My First Attempt at Surviving Alone

By Simran Kapur, Grad Dip/MA in Journalism, University of Limerick

IMG-20161101-WA0002As soon as I touched down at Shannon from India, I had a weird an unnerving feeling in my stomach. This would be my home for the next one year. I will no longer be guarded by my mother’s love and sheltered in the comfort of my house. I had freedom, yet I had a hoard of other responsibilities that fell down upon me as hard as the rain that night. Scrambling with my luggage I made it to guest house, my first night in Ireland was unbelievable a few hours ago.

The next morning sharp at 11:45 am we set down for the Plassey Student Village, it wasn’t a pleasant walk with having to drag suitcases filled with special treats my mothers had packed for me, uphill. If only I could pack her up and get her along with me, one could only wish.

Walking all that distance with minimum amount of sleep to charge me up I was a miserable wreck at the reception, hoping to speed things up a notch and get to my room. All that effort and immense amount of cardio with the suitcases was all worth it the minute I stepped into my room. In years, that is if you have a sibling, I had a room to myself. I could decorate it any which way I wished to and for heaven’s sake it wasn’t pink to begin with.

Gradually my fellow roommates trickled in and by the end of the day I had a greater problem in hand than the great mathematician, Aryabhatta. I was outnumbered and by a huge deal, seven boys to one girl was not a ratio anyone would expect. Thus began my adventure.

My first day at Limerick and my first attempt at independent living, started out with pouring rain. Yet when we all sat at the common room stuffing our faces with pizzas, this beautiful sense of acceptance washed over me. I had a home away from home, and nobody could take that away from me. I had arrived.


Joining the University of Limerick Wolf Pack

By Nadine Kimak

wolves_1When you are at University your major priorities are your academic studies. But you will not have to invest 24 hours 7 days a week. You will have plenty of time to do whatever you want. Because this is my first year at UL I am so glad that they have a range of Clubs & Societies to choose from. For me the Clubs & Societies are a good way to get to know other students who enjoy the same things as me. You find friends, do things you like and just have a good time.

The only problem for me was the big selection you can choose from. To give you a little insight the UL has about 70 Clubs & Societies ( They have a lot of sports, for example basketball, rugby, karate, athletics, surfing and a lot more. If you are not into sports or workout don’t worry. I know there will be a society that suits you. UL offers drama, dance, tea appreciation, debating, film making and some more.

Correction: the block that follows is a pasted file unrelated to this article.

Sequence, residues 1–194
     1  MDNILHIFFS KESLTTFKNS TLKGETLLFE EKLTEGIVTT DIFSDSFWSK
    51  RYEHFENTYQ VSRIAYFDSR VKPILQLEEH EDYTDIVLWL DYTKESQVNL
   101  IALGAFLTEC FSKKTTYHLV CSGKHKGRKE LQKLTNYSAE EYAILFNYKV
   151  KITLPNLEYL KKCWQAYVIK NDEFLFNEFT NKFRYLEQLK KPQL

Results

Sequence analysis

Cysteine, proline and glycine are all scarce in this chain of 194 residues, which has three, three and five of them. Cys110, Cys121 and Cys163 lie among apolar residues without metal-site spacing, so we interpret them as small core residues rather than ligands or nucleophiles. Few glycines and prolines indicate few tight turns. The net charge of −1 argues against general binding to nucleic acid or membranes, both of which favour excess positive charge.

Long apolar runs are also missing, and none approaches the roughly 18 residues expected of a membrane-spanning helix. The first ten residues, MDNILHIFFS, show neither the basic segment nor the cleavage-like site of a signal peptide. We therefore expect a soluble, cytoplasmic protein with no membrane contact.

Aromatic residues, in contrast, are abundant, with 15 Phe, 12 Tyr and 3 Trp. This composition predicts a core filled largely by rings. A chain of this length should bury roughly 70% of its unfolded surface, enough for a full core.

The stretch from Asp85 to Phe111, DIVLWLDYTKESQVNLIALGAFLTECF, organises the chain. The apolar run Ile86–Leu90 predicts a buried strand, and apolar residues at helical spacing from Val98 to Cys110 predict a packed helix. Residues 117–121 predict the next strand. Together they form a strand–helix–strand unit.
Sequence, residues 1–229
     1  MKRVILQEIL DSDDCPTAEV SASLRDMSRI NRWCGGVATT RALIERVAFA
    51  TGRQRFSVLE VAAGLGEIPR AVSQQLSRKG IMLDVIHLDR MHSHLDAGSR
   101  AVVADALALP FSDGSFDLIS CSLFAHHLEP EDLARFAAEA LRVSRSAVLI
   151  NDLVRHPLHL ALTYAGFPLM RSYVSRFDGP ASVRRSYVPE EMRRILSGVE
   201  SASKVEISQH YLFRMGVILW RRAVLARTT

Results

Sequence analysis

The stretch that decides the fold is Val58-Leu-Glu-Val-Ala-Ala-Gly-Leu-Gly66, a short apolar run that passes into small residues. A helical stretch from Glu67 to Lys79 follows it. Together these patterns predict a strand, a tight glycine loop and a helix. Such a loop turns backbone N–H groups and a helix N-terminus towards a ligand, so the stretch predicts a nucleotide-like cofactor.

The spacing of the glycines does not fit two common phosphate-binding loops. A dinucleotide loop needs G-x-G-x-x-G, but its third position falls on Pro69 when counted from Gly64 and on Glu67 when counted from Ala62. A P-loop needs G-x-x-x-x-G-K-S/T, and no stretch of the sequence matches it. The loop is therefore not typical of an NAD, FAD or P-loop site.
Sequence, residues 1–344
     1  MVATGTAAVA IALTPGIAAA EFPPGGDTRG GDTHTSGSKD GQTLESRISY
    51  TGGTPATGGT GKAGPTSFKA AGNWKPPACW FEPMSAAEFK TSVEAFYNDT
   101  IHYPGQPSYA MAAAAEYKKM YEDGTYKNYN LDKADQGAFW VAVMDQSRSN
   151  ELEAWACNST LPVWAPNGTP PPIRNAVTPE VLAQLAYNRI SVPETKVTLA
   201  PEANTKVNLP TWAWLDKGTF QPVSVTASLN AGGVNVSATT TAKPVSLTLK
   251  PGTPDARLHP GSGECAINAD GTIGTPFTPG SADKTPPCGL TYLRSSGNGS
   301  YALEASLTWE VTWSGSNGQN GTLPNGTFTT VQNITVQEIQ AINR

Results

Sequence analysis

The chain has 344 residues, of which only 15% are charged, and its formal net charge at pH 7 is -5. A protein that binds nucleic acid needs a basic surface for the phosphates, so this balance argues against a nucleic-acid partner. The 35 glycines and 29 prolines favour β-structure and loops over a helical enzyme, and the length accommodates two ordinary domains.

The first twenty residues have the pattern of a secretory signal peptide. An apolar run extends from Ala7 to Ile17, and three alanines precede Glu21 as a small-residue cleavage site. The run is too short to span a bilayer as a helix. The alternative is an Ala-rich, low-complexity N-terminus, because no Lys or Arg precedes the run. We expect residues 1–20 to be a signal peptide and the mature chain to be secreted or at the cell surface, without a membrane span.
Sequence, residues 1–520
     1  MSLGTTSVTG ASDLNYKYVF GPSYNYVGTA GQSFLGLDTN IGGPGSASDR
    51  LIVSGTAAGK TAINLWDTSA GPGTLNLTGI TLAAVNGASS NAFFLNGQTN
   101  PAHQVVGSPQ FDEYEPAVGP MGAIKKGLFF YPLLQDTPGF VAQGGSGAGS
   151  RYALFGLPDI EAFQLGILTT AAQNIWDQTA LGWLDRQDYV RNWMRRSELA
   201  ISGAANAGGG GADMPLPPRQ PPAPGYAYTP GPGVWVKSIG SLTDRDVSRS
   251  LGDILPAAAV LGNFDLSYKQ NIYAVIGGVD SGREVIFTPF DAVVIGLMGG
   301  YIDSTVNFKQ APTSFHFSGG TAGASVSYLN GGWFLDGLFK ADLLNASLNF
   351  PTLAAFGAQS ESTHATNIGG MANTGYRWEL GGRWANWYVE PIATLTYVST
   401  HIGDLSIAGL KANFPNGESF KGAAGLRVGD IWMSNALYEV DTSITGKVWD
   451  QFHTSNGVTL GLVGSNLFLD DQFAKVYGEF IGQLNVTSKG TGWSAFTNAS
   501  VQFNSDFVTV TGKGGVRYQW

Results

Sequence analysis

And now I had to choose the right ones for me. But I can tell you there is now wrong and no right. I looked at some Clubs & Societies which sounded really interesting to me and I just joined them. Because you can quit or even join during the Clubs & Societies during the whole semester. After a little bit of debating with myself I decided to join basketball, surfing and trampoline and I was really excited for the first meetings and training sessions. But I was also a little bit nervous, because I wasn’t sure how intensive and hard the training sessions going to be. Actually all my concerns were for nothing. The coaches are really nice and the training is either on a level everybody can participate or split up in different groups.

I am really thankful for the opportunity to be able to join that many different Clubs & Societies. I get to know really amazing people, learn new sports and qualities and spend my free time in a wise way. But I think the most important thing is that I get to learn about myself and about hidden talents, by trying something new and getting out of my comfort zone.

I recommend you to enjoy your free time while you’re in UL and join a Club or Society. I love it.

There are lots of photos of Clubs and Societies at UL at this link.

nadineNadine is an Erasmus student from Germany. She is studying Social Science in Limerick for two semesters. She loves to work with people, do sports and explore Ireland.


Making friends at University

By Jane Vaughan

 Making friends at college was probably one of my biggest worries coming into to college. I was so nervous walking in by the flag poles on the day of orientation but looking back I need not have worried.